So, the correlation between wealth and education makes sense - the wealthier the nation, the more educated (presumably), therefore the more likely to believe in evolution. So why is the USA such an outlier? (*smacks forehead on table repeatedly*) - LINK
An array of detectors, part of the USArray/EarthScope Facility, picked up the microscopic movement of the earth in the wake of the August 23, 2011, Mineral, Virginia quake. Though I didn't notice the 5.9 quake, detectors as far as California and Canada measured displacement down to microns. Check out the ripples the Array picked up and where they concentrated. Why does movement continue in the New Madrid area after much of the movement has abated? Or for that matter, why are the detectors so dense throughout the plains?
..And for fun, check out this animated map of twitter reports as the earthquake occurred.
National Geographic's Cynthia Gorney has an article on the drastic drop in Brazil's fertility rate and what has contributed to it. The piece, called "Brazil's Girl Power," looks at a sharp drop in the number of children being born to each woman, a number that has plummeted over a mere two generations. "What took 120 years in England took 40 years here..something happened." - LINK
Saturday Morning Breakfast Cereal brings up an interesting point - there are lots of parasites that alter the behavior of their hosts, in many cases making their hosts more prone to predation, which ensures the parasite a new host. The Toxoplasma gondii protozoa is a brain parasite that likes to be in the gut of cats. So what happens when it gets eaten by a rat? It moves into the rat's brain, then "erases" the rat's fear of cats. Once the rat is no longer afraid of cats (though still afraid of everything else), it won't run away when a cat attacks it and eats it. Thereby eating the Toxo parasite. Thereby putting the parasite right where it wants to be: in the cat's intestines.
Funny thing is, the Toxo parasite has also infected a certain percentage of human brains (and hides pretty well). Infection varies by country - France and Germany, for example, have a high rate of infection while South Korea has a very low rate of infection.
What is to stop these parasites from changing human brains like they do to rats? Do they perhaps make people more prone to loving the primary host, the cat? Do they turn people into crazy cat ladies? If one parasite can do this, what other parasites are in our bodies altering our behavior? And finally, if they vary by country, are they to some extent influential on the culture of a people?
Speaking of Duke professors, Frank Stasio recently interviewed Duke University Professor of Conservation Ecology on WUNC's The State of Things. Pimm's book, The World According to Pimm, has long been on my AP Environmental book list. If you are thinking of reading the book, or have read it in the past, it's a good interview to listen to. Then go to Flyleaf and buy the book! - LINK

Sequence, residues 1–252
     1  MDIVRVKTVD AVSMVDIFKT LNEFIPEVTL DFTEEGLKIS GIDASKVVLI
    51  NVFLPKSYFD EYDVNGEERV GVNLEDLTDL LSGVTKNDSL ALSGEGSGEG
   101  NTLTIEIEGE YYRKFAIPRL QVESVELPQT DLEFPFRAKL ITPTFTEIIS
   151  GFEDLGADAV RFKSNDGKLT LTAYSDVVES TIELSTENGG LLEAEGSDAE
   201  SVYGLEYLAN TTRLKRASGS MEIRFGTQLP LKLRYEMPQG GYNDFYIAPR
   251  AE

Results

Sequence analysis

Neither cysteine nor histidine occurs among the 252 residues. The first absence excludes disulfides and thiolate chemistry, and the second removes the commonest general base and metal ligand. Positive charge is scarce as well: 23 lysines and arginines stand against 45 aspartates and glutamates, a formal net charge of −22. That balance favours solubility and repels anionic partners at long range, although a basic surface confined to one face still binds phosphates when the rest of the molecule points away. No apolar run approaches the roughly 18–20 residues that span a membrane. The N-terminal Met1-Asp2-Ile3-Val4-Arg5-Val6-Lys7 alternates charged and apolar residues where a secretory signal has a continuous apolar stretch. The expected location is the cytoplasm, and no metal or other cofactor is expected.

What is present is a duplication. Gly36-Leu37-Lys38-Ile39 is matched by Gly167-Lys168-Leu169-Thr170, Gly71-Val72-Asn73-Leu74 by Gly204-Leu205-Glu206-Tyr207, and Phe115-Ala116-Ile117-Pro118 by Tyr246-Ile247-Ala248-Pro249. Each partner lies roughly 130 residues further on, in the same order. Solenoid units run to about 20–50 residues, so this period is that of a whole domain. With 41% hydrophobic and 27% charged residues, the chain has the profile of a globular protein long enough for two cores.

In Georgia, the golden-winged warbler is endangered. Do they clearcut to provide open spaces for the bird to thrive? Or is clearcutting too destructive?
It's Tree Huggers vs. Bird Lovers in the ultimate throwdown.
Listen to the story on NPR's All Things Considered - LINK
I'm back after a much needed and successful vacation (in which I discovered Disney World has little to no recycling going on), a fried motherboard on my 2-year old desktop, and a destructively sly virus on my laptop which managed to thwart all my attempts to eradicate it. The good news is that we now have a new desktop plus all the salvaged parts from the old one; the bad news is I am much poorer and still have no laptop - the reimaging program was down, the person who administers said program was on vacation, and our IT person at work has no administrator privileges either. School system. Enough said.
Anyway, a few weeks ago, an article appeared in the Independentfeaturing Dr. Orrin Pilkey and his son Keith. Many of you know that Dr. Pilkey is a fan favorite of Mr. Greenberg, and for good reason. Pilkey is a world famous climatologist from Duke University, whose new book is entitled Global Climate Change: A Primer. Like me and many other scientists, Pilkey is tired of the know-nothing denialists out there, and he makes no apologies about going after them in this book. Climate change is occurring, the facts are right in front of us, and we need to understand what the real hoax is - the interest groups who sow seeds of doubt and dissent for their own financial gain.
And true to form, the responses in this week's Indy feature a know-nothing who claims to be smarter than Dr. Pilkey.
Who is Riss?
"No one warned me that life would involve science, except my science teacher. But, of course, he's going to say that. He's got a job to protect."
- Stephen Colbert, I Am America (And So Can You)
E - The Environmental Magazine
Environmental News Network
Environment News Service
Information is Beautiful
NASA Goddard Institute
National Science Foundation
WUNC NPR News
WUNC The State of Things